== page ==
District Attorneys aren’t the typical players in the criminal justice system that one would expect to double as re-entry providers, but one is changing that narrative.
The Jails-to-Jobs program is an effort by the Lawrence County District Attorney’s office, and its purpose is to provide reformed convicted felons a chance in the workforce.
“The end result is a decrease in crime and an increase to the tax base of the city and county and school districts, and self-esteem and building of the families,” said District Attorney Joshua Lamancusa.
The program helps those who would, due to their criminal record, otherwise be barred from entering the workforce. It works by offering an incentive to employers who hire these ex-offenders in the form of a bond to guard against any liabilities as well as potential tax credits that equate to a partial reimbursement of the ex-offender’s wages.
The bonding program is a federal program created to minimize the risk of employers hiring at-risk or hard-to-place applicants. The 6-month, no-cost bond is worth up to $5,000 and is intended to protect employers against loss of money or property due to employee dishonesty.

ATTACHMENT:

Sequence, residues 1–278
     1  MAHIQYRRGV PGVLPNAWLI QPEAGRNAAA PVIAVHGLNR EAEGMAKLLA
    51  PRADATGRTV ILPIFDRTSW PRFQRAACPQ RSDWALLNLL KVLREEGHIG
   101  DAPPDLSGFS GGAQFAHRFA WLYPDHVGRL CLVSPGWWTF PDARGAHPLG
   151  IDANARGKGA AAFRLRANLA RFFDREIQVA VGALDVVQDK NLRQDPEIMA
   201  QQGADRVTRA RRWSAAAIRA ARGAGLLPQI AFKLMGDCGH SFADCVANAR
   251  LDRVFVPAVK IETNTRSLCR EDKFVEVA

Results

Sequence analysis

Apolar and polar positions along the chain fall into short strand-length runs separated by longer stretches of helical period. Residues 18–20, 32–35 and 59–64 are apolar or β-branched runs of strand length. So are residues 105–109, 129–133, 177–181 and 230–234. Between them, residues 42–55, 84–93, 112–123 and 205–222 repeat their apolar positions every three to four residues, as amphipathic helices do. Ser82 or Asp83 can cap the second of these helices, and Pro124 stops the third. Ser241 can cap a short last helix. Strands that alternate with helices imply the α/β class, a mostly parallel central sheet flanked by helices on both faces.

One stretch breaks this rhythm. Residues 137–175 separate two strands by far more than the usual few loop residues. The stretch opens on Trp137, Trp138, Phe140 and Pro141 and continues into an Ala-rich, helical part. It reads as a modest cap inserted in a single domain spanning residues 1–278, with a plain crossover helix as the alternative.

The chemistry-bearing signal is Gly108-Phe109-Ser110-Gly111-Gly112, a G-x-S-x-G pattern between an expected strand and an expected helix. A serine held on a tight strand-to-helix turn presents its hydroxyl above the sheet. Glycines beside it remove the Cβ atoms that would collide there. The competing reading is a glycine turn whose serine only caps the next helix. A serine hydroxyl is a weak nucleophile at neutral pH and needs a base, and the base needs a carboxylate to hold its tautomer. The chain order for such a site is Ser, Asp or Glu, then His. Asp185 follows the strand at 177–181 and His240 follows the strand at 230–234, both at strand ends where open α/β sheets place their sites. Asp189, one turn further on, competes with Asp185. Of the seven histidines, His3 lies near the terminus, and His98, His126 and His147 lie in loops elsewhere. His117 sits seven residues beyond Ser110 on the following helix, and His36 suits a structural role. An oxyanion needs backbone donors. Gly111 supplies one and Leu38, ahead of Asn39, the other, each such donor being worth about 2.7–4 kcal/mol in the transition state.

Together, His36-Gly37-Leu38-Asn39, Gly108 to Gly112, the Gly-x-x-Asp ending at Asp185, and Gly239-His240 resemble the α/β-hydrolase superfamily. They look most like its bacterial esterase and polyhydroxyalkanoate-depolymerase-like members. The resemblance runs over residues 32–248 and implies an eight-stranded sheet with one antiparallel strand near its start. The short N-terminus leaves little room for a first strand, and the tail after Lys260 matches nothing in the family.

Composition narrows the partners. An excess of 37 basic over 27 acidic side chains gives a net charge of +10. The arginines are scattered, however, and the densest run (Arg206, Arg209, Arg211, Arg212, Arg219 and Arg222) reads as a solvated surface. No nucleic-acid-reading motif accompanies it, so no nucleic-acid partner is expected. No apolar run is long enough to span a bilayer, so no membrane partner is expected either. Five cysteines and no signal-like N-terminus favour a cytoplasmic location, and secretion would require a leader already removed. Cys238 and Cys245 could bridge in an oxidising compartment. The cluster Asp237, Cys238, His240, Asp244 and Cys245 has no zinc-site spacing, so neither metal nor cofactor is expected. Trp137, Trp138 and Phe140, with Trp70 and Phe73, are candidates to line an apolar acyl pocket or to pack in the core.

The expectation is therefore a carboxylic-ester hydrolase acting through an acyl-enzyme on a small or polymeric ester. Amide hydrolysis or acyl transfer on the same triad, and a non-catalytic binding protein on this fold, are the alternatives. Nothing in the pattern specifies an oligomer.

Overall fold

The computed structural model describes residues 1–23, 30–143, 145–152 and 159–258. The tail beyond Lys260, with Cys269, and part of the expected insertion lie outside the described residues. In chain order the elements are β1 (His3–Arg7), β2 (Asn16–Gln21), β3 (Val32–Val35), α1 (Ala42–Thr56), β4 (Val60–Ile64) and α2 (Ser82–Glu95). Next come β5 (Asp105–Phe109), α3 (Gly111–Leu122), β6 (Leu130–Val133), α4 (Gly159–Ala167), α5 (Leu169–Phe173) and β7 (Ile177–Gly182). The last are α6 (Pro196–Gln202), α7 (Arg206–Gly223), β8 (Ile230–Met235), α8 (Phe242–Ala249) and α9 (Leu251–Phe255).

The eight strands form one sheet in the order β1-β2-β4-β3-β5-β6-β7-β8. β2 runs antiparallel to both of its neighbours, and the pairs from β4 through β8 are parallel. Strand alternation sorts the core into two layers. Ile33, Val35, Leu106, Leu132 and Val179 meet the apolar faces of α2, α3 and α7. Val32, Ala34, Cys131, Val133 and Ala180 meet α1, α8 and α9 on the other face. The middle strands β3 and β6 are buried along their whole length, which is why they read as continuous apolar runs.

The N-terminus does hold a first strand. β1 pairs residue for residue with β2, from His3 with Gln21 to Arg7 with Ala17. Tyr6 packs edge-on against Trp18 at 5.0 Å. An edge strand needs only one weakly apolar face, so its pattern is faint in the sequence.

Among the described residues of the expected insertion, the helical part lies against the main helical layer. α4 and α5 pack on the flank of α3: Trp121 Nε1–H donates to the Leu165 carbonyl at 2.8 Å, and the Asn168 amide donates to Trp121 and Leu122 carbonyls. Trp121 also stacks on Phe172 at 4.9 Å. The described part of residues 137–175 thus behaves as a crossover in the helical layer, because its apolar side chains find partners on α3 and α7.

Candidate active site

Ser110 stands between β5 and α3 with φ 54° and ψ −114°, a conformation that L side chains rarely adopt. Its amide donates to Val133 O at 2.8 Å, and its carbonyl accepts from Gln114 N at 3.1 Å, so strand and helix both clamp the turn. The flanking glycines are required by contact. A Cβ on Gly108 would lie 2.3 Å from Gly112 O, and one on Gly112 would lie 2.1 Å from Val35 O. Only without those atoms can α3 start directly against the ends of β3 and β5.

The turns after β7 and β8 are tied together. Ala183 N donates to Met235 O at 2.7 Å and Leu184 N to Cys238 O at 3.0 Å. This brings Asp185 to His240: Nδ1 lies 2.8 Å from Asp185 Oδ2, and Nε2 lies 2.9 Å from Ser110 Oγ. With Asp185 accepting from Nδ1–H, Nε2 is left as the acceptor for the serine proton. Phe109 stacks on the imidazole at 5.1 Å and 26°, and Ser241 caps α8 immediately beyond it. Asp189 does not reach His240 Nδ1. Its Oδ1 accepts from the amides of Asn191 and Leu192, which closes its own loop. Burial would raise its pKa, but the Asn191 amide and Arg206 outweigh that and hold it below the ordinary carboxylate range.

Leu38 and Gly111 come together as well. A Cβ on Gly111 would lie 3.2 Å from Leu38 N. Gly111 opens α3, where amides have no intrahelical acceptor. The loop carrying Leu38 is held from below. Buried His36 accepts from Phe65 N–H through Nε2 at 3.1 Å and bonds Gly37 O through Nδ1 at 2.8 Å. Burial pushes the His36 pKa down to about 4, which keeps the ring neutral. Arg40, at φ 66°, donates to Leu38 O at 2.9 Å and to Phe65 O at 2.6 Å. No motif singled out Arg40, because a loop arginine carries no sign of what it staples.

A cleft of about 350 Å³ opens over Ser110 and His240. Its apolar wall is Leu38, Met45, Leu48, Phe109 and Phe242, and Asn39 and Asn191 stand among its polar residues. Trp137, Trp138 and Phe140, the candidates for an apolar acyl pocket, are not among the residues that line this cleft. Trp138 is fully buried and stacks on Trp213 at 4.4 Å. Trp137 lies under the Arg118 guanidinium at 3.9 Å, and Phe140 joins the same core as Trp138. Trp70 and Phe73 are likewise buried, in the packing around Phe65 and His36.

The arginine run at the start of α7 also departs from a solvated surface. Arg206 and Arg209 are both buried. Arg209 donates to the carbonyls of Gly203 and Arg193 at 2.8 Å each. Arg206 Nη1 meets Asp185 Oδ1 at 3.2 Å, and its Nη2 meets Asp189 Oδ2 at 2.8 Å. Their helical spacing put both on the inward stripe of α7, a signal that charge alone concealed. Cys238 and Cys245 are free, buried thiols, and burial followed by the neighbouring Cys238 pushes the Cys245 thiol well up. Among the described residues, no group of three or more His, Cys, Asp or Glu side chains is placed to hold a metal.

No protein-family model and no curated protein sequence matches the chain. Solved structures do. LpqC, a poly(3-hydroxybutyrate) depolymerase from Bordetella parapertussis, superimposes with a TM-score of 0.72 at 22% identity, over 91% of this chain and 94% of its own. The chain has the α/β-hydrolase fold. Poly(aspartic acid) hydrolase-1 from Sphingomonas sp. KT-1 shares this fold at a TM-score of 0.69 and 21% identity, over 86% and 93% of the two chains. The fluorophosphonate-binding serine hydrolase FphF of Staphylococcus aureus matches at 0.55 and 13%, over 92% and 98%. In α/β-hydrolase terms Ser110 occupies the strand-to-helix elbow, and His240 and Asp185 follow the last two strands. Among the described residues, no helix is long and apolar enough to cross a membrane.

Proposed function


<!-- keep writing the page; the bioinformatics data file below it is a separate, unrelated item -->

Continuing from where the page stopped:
Jails-to-Jobs, which is the first of its kind in Pennsylvania, targets recidivism. By helping these ex-offenders find gainful and meaningful employment, they can support themselves and their families. Since many ex-offenders reoffend because of economic hardships, this program addresses that major cause of concern.
Lamancusa said that while the state rate of recidivism is nearly 70 percent, Lawrence County’s rate has plummeted to between 5 and 8 percent.
Before being admitted to the program, applicants must go through drug testing, background disclosures, and an interview. They also have to train through a Pennsylvania job training program before being paired with an employer.
Although there are numerous disqualifiers for applicants, one of them being any sexual act involving a child, so far Jails-to-Jobs has placed 270 people with felony convictions on their record into stable employment.
The program has been funded through grants from the Hoyt Foundation in its first three years, but this year county commissioners decided to take over funding of the program. The county noted that it was able to recover over $300,000 in court costs, so far, from ex-offenders who, but for the program, wouldn’t be employed and couldn’t make the payments.